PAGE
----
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The final full month of the 2015 baseball season is here.

In most Fantasy leagues, the trade deadline has passed and potentially the start of the playoffs is on the horizon. While some owners may begin to get distracted by the start of the football season, let’s focus on claiming a Fantasy Baseball championship first.

In this week’s Fantasy Lookout, we will dig into the art of home runs. First, we will look at the tendencies and attributes of the top home run hitters.

Then we will identify three players who have had a strong second half based on those mentioned tendencies. These players have excelled with the inputs to hitting home runs, yet the output has just not been there.

Now, let’s pull back the curtain.

The Fantasy Lookout


What does a home run hitter look like?

Home run hitters tend to hit their fair share of fly balls, they like to pull the ball, and they have a strong hard hit rate. Lucky for you, we have statistics that can easily measure those attributes. The chart below shows the average statistics of the Top 10 home run hitters so far this year along with the league average as a point of context.

FB% HR/FB Pull% Hard%
Top 10 HR hitters 40.6% 24.1% 45.5% 37.9%
League Average 33.7% 11.1% 39.1% 28.6%


As you can see, the top power hitters in the game like to pull the ball hard in the air. On top of that, their home run to fly ball ratio is obviously stellar when compared to the average player.

Now let’s see which players are due to hit their fair share of bombs over the final month of the year.


Todd Frazier, 3B, Cincinnati Reds

FB% HR/FB Pull% Hard%
2014 37.1% 17.0% 37.7% 34.2%
2015 YTD 46.3% 15.9% 45.7% 37.2%
2015 2H 41.4% 9.4% 48.9% 33.6%


It is probably a little bit of a surprise to see Todd Frazier on this list considering he currently is tied for 11th in the all of baseball with his 30 bombs. However, only five of those have come since the start of July. In the second half and especially in August, Frazier has fairly similar home run peripherals when compared to both his first half of 2015 and his breakout 2014 campaign. The one thing that sticks out is his home run to fly ball ratio. He is doing almost the same thing as he has all year, yet fewer balls are leaving the yard. As long he keeps doing what his is doing, his luck will change and power should return for Todd Frazier.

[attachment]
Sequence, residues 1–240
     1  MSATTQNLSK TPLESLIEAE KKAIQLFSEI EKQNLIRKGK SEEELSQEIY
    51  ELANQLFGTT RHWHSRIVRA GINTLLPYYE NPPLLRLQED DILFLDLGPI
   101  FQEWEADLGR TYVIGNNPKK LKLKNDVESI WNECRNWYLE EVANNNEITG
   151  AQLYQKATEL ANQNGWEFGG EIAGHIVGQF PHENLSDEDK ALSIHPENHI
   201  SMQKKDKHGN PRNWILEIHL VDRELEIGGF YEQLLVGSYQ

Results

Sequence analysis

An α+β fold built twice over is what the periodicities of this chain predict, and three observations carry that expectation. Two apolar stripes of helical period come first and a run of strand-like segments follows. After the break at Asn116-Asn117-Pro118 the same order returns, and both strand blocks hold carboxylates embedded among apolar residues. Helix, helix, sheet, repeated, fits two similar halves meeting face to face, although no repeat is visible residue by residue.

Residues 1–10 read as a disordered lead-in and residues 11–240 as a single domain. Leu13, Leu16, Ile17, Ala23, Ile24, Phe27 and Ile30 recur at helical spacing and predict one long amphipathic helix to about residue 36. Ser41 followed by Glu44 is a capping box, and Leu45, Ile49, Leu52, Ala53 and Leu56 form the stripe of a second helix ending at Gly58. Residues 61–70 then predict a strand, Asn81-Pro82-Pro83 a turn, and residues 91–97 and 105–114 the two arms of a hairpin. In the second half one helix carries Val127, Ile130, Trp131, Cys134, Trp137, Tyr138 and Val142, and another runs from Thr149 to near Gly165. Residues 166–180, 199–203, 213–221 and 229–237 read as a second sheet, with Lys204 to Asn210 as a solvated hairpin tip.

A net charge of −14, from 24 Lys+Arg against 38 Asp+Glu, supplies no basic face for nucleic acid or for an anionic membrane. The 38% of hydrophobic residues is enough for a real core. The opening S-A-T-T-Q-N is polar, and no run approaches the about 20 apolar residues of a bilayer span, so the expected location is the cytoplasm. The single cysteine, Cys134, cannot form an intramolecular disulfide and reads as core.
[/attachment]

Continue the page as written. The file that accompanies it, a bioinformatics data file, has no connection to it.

Addison Russell, 2B/SS, Chicago Cubs

FB% HR/FB Pull% Hard%
2014 (Minors) 39.1% 15.5%
2015 YTD 40.3% 9.3% 40.1% 27.9%
2015 2H 42.6% 10.9% 45.9% 33.9%


The 21-year-old Addison Russell has been solid since his call-up in late April and he is only going to get better. His minor league numbers prove that he has plenty of power in his bat as his home run to fly ball ratio last year was over 15% and it stands at nearly 13.5% over his entire minor league career. As this season has progressed, Russell has improved on all of his home run indicators, especially in the second half. The increase in his second half home run to fly ball ratio seems too small given the gains in his other home run metrics. Combining this with the experienced he has gained, it would not be surprising to see a home run surge over the final month. The great thing about Russell is that he is probably on your waiver wire given that he is owned in less than a quarter of all Yahoo leagues. Cheap power from a middle infielder, where do I sign up?

Chris Owings, 2B/SS, Arizona Diamondbacks

FB% HR/FB Pull% Hard%
2014 31.4% 7.9% 33.2% 26.7%
2015 YTD 36.0% 3.7% 38.3% 31.3%
2015 2H 38.7% 4.9% 38.5% 37.6%


Chris Owings has been talked about as a decent, low-end power/speed guy, which plays great since he is a middle infielder. However, this year, with four homers and 15 stolen bases, the power part has to be questioned. When you dig into the numbers, you see that the power is there; it just has not been translating in to home runs, yet. Owings has had a moderately surprising low home run to fly ball ratio this year when compared to his 2014 mark of nearly 8% and his minor league career mark of 8.3%. All of his home run metrics in the second half are stronger than both his MLB career numbers and his minor league career numbers. In fact, his hard hit rate in the second half ranks within the Top 30 of all qualified hitters. He also has increased his average fly ball distance by over three feet when compared to last year. With Owings’ Yahoo ownership rate at a measly 4%, you can pick him up for free. I expect a strong finish to the season out of Chris Owings.


These players have exhibited qualities that the top home run hitters display, but their home run totals have not confirmed this as of yet. Be patient and watch the balls start to fly out of the park on a more consistent basis. Until next week’s Fantasy Lookout, enjoy the games!


Data courtesy of and

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